Hello and welcome to Gloriously Vintage today. Dear Reader, do you take pleasure in finding things in charity shops? I do! Over the years I have bought many things to wear, to use and enjoy. This post is about finding beautiful scarves. Scarves are another of my passions. I collect silk scarves particularly, but love all scarves for how they can make an outfit original and memorable.
So, where do we start? We start with the edge.
When looking at scarves always look at the edge first. If it is hand rolled you have probably got your hands on a silk scarf of quality. A machine edged scarf can also be beautiful, but in a different way. If it is a scarf that has caught your eye because of the colour and pattern or maybe the size, check the edge very carefully for areas that have come unstitched. Even needing a little TLC, if you like it and know that you will be able to incorporate the scarf into your wardrobe for either S/S or A/W, seriously consider buying it. Edges are not difficult to repair by hand.
This is a charity shop find. The rolled edge just needed a few stitches. It is one of my S/S scarves and makes a number of looks. It was about £4 and has been a real success.
An assortment of machined edges.
A modern scarf with an unfinished , frayed edge, which is much more casual. My “star” scarf is another S/S one that goes with a number of separates because of the colours.
If you familiarise yourself with the feel and look of silk you will always be able to recognise it in a charity shop, at a vintage fair or car boot sale.
Go with what you like and always think what it will go with, when can I wear it and how to wear it.
You have found a lovely scarf with a hand rolled edge – does the scarf have a name? Some great names to look for are Jacqmar, Richard Allan, Liberty, Jaeger, Hermes, Alexon, Viyella, Country Casuals, Beckford Silk and Cornelia James.
Consider the shape and size of the scarf. You can do a lot with a square, achieve drama with a large rectangular long scarf and use them with both casual and formal looks. For vintage outfits they are superb.
At this point I hope you are busy thinking about your own collection of scarves. Do you make a distinction between the vintage ones or the silk ones or are they simply scarves to you?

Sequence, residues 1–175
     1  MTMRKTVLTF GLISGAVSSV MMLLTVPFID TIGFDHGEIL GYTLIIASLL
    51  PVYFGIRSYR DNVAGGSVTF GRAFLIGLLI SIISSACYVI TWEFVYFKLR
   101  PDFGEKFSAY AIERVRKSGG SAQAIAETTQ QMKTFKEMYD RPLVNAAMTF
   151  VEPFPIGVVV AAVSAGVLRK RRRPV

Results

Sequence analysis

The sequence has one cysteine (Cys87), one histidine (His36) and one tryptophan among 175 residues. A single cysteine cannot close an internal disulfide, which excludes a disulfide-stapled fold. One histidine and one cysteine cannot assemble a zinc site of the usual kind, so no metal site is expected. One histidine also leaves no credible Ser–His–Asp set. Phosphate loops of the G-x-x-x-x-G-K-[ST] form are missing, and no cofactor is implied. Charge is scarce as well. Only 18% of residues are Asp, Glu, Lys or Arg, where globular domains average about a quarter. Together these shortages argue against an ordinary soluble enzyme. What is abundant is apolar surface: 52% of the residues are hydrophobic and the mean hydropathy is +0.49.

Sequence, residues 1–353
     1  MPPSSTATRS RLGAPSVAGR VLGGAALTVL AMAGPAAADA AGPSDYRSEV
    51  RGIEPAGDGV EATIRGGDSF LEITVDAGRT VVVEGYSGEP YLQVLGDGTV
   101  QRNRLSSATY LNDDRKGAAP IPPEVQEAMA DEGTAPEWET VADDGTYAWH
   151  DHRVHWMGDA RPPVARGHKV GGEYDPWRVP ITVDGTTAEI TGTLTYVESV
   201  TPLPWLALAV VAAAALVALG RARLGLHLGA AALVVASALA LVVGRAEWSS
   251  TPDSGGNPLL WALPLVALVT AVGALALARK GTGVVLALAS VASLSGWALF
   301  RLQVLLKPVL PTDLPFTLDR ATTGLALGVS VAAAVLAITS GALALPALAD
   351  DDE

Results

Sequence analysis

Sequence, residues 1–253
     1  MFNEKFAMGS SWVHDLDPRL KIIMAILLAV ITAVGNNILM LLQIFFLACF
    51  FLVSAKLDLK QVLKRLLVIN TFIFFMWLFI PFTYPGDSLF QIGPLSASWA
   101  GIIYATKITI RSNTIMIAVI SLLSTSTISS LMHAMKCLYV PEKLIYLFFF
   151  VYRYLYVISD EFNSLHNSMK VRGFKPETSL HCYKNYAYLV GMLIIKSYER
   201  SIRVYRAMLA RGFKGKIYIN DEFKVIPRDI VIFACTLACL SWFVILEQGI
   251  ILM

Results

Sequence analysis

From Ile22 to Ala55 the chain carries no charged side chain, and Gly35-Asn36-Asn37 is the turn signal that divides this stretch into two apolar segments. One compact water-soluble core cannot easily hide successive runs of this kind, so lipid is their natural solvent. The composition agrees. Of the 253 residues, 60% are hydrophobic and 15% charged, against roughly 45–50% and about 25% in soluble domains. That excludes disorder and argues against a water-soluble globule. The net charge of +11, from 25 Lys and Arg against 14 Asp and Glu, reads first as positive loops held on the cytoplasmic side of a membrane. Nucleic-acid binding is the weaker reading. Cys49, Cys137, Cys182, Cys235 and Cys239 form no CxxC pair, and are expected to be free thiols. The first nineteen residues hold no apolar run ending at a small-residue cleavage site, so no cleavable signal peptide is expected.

If you find a wonderful scarf – keep looking, because there is always a chance the same person will have donated more than one item. That applies to other things too. Once, I found an amazing coat that had a matching convertible handbag. The bag could be used as a clutch or with a chain handle. They were not displayed together in this charity shop and I had to search for the bag – but they made an amazing combination. So keep searching just to see what you can find.
You will also know the areas around your home where you will find the best things in the charity shops. Where I live , there are 2 or 3 locations I always go to if I am styling an outfit for a special occasion .
Once you have found your scarf, check it carefully for marks, snags and pulls.
This unnamed silk square was bought last year in a charity shop for £1.20! Imagine my absolute delight knowing it would work with this handbag –
I believe the key to making the most of wearing scarves is to experiment, experiment, experiment!
Set aside an evening and try out scarves with tops and jackets particularly. Tying scarves is very personal.
In my next post I want to share with you how found my signature way of tying and wearing a scarf. There is a lot of help out there on You Tube. Amazon also sells books on how to tie a scarf. However, it is all dependant on the type of scarf, the fabric and size, how it works best for you.
You know dear Reader that I love to buy items from Oxfam. A few years ago I styled an outfit for an autumn wedding around an amazing scarf I liked on Oxfam. It had lovely colours and pattern and I wanted to feature it. I wore it around my neck for the Wedding Service and tied into my handbag at the Reception. I matched my husband’s tie to the colours too.
This small square was only £1 and looked like a rag when I bought it. With a bit of TLC it now ties onto a handbag and tones with emerald green and blue enamelled earrings.
Never baulk at having a good rummage! Scarves are often displayed in suitcases or large bins at vintage fairs or are just thrown into a box in a charity shop.
You may be lucky enough to find a Richard Allan scarf that way.
I did and it was a real bargain. I bought it to add to the Richard Allan sub section of my scarf collection. This A/W it has really come into its own as I have found a modern handbag, gloves and shoes to tone that I have worn at times.
Always look at what is displayed on the mannequins or eye catching display and never be afraid to ask to see a scarf from them. It is only by feeling the scarf for weight, checking the edge and confirming it is silk, that you will be rewarded with a quality scarf that with care, will last for years.
I gently hand wash scarves in a very mild hand wash solution, air dry and then cool iron scarves. Some very special silk scarves should be dry cleaned. It is so gratifying to find a quality scarf for a fraction of the cost of buying a new one.
The other important point is to look carefully at the pattern.
An overall pattern cannot offer much variation in appearance. Scarves with a pattern that allows you to see different colours and parts of the design depending on the fold give more versatility. So dear Reader, look critically at the scarf before you buy. Look at the edge, the condition, the size and how many colours you can work with folding.
I hope this post will help you in your hunting out treasures and finding amazing scarves.
Do show me your best finds. I would love to see them!
A big thank you to Glenn for taking these photographs for me.